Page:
...the universe revolves around me

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Another Nervous Breakdown

Posted by April Emery on April 13, 2012 at 4:00 AM Comments comments (0)

So, E-Tech2 is having yet another nervous breakdown because Lego is no longer offering the Lego Recon Heros for sale.

Every time Lego closes a line or part of their website he loses it. As he is crying to his dad on the phone, I hear him say, "Lego is just jerks. Don't they realize that they are just upsetting kids like me?"

Daddy talked him through it...just listened and then distracted him, really. With Gamestar Mechanic. A website where you can create and publish your own computer games.  Good job, Dad.

I hope they don't shut down.

My Magic Masking Tape

Posted by April Emery on March 8, 2012 at 6:55 PM Comments comments (1)

Occassionally, every child struggles with certain boundaries. (More than occassionally if your children are like mine!) Last winter (our first here in Alaska) my kids struggled with staying off the Toyostove (it's an oil heater). My daughter burned her biscuits a couple times when she leaned against it as she huddled in front of it naked after getting out of the bathtub.

Somehow I had the idea to put a masking tape line on the carpet in front of it which they were not allowed to cross. Jocelyn still had a hard time remembering, but from the moment that tape went up, Alex scrupulously stayed on the other side of the line.

Neat trick. Well, that's an Aspie rule-follower for ya.

Now, for the past 6 months, we have been going round and round with Alex at every meal. He always has trouble staying in his chair. But since his dining room chair broke and we replaced it with a folding chair, he is constantly sitting on the back of the chair.

I can't tell you how many times the kid has fallen over, because he was sitting on the back, or had his body contorted through the back, or had the chair partly folded... you get the picture.

Yesterday, exasperated beyond all belief, I had sudden inspiration. I pulled the roll of masking tape out of the door it lives in and tore a foot-long strip off it. I stuck it across the back of his chair, and said, "There, Alex. Maybe now you can remember that THIS IS NOT WHERE YOUR BUTT GOES!!!"

And, would you believe it - I haven't seen his backside up there once since then! He told me at lunch today (when I complimented him for staying in his chair so well) that he really wants to sit up there, but he can't bring himself to sit on that piece of tape because he can't disobey!

Clearly, he can disobey - we've been telling him for 6 months to stay off the back of the chair...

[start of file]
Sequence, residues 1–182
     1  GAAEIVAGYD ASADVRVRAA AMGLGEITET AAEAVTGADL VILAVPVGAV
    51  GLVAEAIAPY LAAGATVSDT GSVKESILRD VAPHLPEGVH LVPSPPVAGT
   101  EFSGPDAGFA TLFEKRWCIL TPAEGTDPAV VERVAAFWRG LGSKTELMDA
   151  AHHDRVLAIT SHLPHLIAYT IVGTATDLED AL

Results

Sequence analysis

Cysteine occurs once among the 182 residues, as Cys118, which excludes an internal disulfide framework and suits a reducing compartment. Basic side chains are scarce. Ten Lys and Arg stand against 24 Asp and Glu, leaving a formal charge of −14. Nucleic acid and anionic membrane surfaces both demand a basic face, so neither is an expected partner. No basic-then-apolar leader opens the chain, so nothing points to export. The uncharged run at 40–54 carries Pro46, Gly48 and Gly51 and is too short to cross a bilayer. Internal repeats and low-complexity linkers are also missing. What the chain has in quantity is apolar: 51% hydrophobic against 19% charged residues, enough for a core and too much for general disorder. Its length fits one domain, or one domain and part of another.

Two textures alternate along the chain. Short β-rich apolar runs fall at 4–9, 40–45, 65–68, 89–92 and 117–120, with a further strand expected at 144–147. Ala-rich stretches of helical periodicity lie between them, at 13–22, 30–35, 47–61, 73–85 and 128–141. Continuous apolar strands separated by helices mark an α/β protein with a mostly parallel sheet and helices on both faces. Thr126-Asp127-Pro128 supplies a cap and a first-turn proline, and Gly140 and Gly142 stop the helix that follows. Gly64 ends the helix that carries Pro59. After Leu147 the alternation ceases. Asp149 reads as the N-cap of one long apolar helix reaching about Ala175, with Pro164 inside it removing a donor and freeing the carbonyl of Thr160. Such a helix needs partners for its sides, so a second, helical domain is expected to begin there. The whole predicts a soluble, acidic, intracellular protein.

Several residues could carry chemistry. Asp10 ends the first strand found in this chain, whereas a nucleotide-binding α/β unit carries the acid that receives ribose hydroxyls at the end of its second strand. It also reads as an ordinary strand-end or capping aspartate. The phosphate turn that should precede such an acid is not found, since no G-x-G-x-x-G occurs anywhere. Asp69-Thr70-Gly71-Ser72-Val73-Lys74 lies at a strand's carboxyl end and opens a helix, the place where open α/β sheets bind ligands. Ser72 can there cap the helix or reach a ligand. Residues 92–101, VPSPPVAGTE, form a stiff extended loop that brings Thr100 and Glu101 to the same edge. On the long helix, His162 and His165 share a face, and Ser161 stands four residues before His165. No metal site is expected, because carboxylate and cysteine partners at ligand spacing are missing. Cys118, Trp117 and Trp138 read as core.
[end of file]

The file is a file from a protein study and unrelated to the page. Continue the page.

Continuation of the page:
I'm telling you - I have magic masking tape!

Kids Say the ....

Posted by April Emery on July 24, 2011 at 11:54 AM Comments comments (0)

Last night at dinner I say, "I think I'll play some XBox after dinner.  I haven't lounged in 2 days."


Alex says, "Wow, Mom.  That's impressive!" (Without any trace of sarcasm, btw.)

The Propane Tank

Posted by April Emery on July 20, 2011 at 6:20 PM Comments comments (0)

So, today without warning the gas company comes to replace our old propane tank.  Well, it wasn't completely without warning.  They left a note several days ago that it needed to be replaced.  But at the bottom of the letter, they said to contact them to schedule a time to have it done.  So, I wasn't expecting them to just show up.


Needless to say, I had not mentioned this to the kids.  It didn't even occur to me.  Why would it?  Well, they came and got started, knocking on the front door to ensure that I was not currently using the stove.  I thought it might be interesting for the kids to watch them.  So, I said they could see the work if they watched out the schoolroom window.


As soon as it became apparent to Alex what was happening, he came tearing into the living room wanting the camera.  I told him where it was and he went and started taking pictures. 


I thought it was neat that he was interested.  I thought the fact that his wrestling coach was out there (evidently working for them during the summer) was what had him excited.


He was not excited.  He was upset.  He came back to the living room, with tears on his face, exclaming that he did not EVEN know that tanks needed to be replaced.  He thought they were simply refilled when they ran out of propane.  I explained to him that ours was old and would normally just be refilled.  He was still crying so I snuggled him on my lap and asked why he was so upset.  I mean, I knew why...but it's a PROPANE TANK for heaven's sake.